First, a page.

As such, it’s not that these women cannot orgasm; it’s just that they have not partaken in sexual activities where their partner’s goal is to help them achieve orgasm, or the nature of their relationship has made it difficult to achieve an orgasm. It’s also possible that they have been taught that sex should not be enjoyable, and as such, it is not for them.
With this condition, someone may be able to orgasm, but they have a hard time getting there. Because of this, orgasms are rare and often take a lot of work to make happen, which can be frustrating.
This type of orgasm disorder is the most common of all these. When someone has this type of orgasm disorder, they can orgasm, but only in specific situations, such as with oral sex or through masturbation.
People with this condition cannot orgasm at all, even when they are sexually aroused and stimulated. They have tried a variety of situations and different sexual activities, but no matter what they are not able to orgasm.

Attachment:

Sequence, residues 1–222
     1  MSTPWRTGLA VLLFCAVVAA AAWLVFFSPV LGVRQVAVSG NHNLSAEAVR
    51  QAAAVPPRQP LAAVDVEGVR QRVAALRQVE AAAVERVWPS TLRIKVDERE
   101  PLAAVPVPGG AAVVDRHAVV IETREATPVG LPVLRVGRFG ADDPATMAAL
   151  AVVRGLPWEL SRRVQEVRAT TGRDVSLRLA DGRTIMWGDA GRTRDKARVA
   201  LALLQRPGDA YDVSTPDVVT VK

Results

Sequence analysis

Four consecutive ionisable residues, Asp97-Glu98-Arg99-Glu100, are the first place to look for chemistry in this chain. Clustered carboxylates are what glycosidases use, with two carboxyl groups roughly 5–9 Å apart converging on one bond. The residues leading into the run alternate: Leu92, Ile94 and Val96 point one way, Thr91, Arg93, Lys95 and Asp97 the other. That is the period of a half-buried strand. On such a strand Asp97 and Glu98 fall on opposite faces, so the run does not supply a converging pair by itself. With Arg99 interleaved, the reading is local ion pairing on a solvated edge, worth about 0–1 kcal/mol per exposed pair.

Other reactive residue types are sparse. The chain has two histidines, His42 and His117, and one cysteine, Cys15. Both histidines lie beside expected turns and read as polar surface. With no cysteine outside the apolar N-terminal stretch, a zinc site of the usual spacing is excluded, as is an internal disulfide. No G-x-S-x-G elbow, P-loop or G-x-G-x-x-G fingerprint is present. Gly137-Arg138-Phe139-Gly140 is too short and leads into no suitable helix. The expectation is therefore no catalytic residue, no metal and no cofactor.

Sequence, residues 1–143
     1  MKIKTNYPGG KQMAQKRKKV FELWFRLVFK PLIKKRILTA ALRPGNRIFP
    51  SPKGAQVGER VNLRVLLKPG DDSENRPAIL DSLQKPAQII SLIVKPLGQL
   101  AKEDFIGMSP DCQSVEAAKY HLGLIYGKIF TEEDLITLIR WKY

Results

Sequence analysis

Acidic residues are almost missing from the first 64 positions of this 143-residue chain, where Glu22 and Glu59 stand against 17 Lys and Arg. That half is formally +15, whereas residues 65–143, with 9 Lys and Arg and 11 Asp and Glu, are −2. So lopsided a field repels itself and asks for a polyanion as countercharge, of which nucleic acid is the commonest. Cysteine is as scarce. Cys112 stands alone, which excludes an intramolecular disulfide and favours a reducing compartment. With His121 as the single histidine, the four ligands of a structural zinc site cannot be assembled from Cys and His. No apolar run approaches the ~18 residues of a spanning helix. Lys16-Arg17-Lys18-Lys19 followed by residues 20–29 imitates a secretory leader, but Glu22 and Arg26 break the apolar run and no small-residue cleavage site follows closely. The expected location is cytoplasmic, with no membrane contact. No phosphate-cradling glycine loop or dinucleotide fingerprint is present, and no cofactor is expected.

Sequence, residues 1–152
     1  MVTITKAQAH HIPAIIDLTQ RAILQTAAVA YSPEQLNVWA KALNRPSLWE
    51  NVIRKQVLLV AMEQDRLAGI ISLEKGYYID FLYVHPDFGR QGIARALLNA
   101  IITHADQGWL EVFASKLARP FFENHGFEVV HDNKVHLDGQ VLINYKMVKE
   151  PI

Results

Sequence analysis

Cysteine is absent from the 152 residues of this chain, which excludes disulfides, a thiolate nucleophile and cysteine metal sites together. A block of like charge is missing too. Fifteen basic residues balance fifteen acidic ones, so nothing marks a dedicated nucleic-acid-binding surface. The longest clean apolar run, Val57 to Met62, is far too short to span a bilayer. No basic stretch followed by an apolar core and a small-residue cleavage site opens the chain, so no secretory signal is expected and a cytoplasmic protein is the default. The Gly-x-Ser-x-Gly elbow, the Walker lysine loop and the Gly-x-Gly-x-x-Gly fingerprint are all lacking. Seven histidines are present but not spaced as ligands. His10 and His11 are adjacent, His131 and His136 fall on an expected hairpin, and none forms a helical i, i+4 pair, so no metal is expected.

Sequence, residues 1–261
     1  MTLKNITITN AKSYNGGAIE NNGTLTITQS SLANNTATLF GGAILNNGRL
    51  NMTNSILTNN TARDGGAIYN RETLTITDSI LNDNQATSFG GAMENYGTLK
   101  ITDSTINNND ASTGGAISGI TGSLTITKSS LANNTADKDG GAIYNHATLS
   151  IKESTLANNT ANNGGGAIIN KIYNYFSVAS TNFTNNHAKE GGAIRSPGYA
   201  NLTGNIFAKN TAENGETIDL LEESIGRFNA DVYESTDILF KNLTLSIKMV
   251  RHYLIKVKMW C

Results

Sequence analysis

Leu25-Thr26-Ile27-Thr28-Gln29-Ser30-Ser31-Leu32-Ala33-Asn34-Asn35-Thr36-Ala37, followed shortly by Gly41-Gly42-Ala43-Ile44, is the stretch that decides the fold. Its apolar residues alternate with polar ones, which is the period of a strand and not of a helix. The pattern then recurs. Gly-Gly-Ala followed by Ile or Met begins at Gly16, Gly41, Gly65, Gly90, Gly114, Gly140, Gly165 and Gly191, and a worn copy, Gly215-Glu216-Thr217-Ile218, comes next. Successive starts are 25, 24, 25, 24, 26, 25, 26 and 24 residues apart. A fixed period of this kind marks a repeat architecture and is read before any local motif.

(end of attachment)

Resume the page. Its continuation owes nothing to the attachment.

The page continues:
If you think you have an orgasm disorder due to an inability to orgasm, unsatisfying orgasms, or taking a long time to orgasm, it is always good to start by scheduling an appointment with your doctor.
As we discussed, there are many causes of orgasm disorders, so your doctor will be able to help you diagnose the condition and help determine what is causing it, which will then help you figure out how best to treat it.
Your doctor will likely perform a physical exam and ask questions about your sexual history to determine the underlying cause of the orgasm disorder.
Your doctor may also refer you to a gynecologist or sexologist, like myself, for a follow-up exam. They may be able to recommend additional treatments and help determine the true cause of the orgasm disorder. Essentially, everyone is going to do what they can to help make orgasms possible for you again.
How to Treat an Orgasm Disorder
Unfortunately, there is no single treatment that is applicable to all those with orgasm disorders, and in some cases, it isn’t a quick fix that can help treat it.
If there’s an underlying medical condition causing the orgasm disorder, such as diabetes, then treating that condition may also prove successful at treating the orgasm disorder. If it is a medication causing the disorder, then discontinuing that medication and switching to another should help remedy the situation.